by Randy F. Nelson
Genre: Short Fiction
Published by University of Georgia Press
Date of Publication: October 1st 2006
*Winner of the Flannery O'Connor Award
The opinion of your average, modern-day reader is that the short story is dead. It had its last hurrah, and has ridden off into the sunset. Most people today prefer novels that are simply that, "Novel". A little flash, a little pomp, and very little thought (read: Twilight). However, though the form has, admittedly, experienced a decline over the past few decades, it is anything but dead, and it is authors like Randy F. Nelson that are keeping it alive.
Nelson's collection, The Imaginary Lives Of Mechanical Men, looks (from its cover photo and small size) like it's going to be some fluffy piece of Sci-Fi that might entertain you for a few hours. Within pages of diving in, you'll forget you ever thought that.
The collection is broken into four sections, each containing its own assortment of individual stories. These sections, as well assembled and tightly knit as they are, could almost function as books on their own.
I need to make a note here. No two stories are alike, which is part of what I like so much about Nelson's writing; he's not formulaic. He doesn't pick a theme and stick to that with almost religious fervor, which sadly is the failing of many short fiction authors working today. They try to hammer unity into their stories, instead of letting it flow from the narrative. Each of Nelson's stories is its own little world, self-contained and uninformed by the ones surrounding it. Having said that, the book keeps an amazing synergy throughout. As you read, it somehow makes perfect sense to move from a story about an emotionless boy with a talking dog to one of a Japanese magician who's magic is food.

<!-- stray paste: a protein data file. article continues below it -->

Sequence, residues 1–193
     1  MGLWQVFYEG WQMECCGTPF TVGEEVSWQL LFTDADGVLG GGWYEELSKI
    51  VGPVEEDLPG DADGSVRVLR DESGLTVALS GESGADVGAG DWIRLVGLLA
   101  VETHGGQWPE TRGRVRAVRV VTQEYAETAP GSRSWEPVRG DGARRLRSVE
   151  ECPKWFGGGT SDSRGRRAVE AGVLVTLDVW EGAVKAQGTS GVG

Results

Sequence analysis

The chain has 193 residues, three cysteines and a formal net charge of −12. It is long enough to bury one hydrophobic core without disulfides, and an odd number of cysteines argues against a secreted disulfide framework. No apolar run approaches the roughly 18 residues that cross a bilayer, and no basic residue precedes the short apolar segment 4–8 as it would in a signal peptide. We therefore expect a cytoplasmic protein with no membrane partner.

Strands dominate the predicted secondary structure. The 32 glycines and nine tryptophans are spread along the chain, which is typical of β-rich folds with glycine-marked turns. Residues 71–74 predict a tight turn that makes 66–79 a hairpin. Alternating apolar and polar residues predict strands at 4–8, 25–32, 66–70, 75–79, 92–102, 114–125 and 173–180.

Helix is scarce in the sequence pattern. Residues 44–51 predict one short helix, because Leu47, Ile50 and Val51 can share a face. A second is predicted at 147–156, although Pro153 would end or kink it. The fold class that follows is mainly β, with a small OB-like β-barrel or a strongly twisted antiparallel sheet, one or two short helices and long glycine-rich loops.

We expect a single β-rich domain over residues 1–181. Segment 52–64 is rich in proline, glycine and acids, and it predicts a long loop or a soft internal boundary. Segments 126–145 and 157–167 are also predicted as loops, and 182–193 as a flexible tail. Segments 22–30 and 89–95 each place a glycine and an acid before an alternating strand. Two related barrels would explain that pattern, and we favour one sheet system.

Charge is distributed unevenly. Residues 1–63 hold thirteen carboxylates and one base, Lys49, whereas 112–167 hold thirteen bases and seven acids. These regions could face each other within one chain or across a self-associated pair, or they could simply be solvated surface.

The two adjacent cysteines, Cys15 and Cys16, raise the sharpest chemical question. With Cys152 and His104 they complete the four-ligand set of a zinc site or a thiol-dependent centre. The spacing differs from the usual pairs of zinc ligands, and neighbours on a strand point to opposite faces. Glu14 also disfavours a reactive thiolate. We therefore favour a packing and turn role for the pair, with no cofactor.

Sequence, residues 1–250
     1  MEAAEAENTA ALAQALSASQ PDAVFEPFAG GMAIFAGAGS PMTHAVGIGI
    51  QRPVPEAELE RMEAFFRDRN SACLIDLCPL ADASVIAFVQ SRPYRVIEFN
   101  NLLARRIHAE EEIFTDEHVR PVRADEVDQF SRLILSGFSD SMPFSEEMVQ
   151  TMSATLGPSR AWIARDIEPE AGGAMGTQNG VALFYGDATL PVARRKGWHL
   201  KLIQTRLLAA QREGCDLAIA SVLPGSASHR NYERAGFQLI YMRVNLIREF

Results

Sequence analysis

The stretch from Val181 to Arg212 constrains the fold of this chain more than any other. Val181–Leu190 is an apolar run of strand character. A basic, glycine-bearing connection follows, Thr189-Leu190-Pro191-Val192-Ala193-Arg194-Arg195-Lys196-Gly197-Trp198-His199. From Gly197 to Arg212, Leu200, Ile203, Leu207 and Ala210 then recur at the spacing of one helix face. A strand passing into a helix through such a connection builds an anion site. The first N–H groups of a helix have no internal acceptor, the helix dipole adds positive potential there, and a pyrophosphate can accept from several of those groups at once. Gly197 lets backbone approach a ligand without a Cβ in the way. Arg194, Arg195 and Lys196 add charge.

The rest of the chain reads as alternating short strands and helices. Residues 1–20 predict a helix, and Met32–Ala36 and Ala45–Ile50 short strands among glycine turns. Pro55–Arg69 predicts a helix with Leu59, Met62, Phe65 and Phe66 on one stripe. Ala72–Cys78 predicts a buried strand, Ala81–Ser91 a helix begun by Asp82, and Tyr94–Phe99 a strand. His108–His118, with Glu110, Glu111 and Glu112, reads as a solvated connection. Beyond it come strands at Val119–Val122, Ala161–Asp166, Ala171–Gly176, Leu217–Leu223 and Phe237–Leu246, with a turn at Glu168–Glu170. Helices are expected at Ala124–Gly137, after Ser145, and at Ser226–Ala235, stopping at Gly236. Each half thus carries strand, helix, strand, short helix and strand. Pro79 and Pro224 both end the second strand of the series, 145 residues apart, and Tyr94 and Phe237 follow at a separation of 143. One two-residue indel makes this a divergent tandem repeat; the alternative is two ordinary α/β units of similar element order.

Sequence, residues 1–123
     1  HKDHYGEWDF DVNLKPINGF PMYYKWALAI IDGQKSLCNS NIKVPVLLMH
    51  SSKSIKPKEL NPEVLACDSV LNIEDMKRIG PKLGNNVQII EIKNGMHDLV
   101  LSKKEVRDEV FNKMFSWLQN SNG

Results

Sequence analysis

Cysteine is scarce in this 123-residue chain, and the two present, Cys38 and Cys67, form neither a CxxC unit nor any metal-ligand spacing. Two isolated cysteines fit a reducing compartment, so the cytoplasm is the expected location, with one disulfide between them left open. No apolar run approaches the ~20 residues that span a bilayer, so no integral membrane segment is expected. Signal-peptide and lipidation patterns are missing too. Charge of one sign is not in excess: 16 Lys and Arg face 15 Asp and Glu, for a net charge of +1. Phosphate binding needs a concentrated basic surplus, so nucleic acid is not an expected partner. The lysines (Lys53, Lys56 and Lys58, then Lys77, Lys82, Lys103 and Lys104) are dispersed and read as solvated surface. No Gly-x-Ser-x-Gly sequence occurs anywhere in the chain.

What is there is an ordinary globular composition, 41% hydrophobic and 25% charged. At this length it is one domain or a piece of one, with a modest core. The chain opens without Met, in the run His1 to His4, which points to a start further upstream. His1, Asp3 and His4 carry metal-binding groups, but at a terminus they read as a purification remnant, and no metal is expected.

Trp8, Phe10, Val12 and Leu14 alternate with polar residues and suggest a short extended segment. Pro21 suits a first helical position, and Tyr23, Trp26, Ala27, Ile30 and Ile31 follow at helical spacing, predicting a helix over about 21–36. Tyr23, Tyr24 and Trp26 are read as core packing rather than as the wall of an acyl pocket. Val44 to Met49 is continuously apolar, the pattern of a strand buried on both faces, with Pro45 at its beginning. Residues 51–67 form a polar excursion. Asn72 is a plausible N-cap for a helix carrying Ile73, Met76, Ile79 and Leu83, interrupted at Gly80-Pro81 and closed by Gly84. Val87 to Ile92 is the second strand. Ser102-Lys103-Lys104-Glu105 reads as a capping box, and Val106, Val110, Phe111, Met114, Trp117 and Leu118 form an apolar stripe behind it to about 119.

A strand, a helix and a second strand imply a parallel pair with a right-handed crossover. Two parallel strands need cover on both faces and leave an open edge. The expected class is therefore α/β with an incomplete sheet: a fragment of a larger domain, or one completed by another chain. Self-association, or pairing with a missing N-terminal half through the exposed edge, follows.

The first story, "Mechanical Men", stands on its own, and serves nicely as a kind of an introduction, rather than a traditional forward. It is the story of an ape research facility, testing advanced neurological implants, that has had a tragedy occur, and is trying to find out what happened without jeopardizing their research. The story has you thinking throughout, despite the fantastical elements, about just how realistic the narrative is, how comparable to the attitude of today's scientific community (progress at any cost). Add in a little mystery, and it is the perfect way to start off.
After this is the first section, titled They Have Replaceable Valves And Filters. This contains five stories. "The Cave" is the tale of a mountain girl and a man trapped in a collapsed cave, and the bond that forms between them as everyone on the surface starts to come unglued. "Here's A Shot Of Us At The Grand Canyon" tells of a child with no words for what he's feeling, parents who have no idea what to do for him (and can't be bothered to try), and the talking dog they get to try to bring him out of his shell.